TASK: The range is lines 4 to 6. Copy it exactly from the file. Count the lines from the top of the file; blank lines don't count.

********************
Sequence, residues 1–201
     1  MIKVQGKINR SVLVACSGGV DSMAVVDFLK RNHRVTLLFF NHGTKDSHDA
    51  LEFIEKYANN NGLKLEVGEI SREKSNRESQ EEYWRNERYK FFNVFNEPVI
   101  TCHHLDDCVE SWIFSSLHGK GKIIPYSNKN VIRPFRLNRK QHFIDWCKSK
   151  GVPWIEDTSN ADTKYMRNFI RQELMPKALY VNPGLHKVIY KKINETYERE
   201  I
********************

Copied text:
   101  TCHHLDDCVE SWIFSSLHGK GKIIPYSNKN VIRPFRLNRK QHFIDWCKSK
   151  GVPWIEDTSN ADTKYMRNFI RQELMPKALY VNPGLHKVIY KKINETYERE
   201  I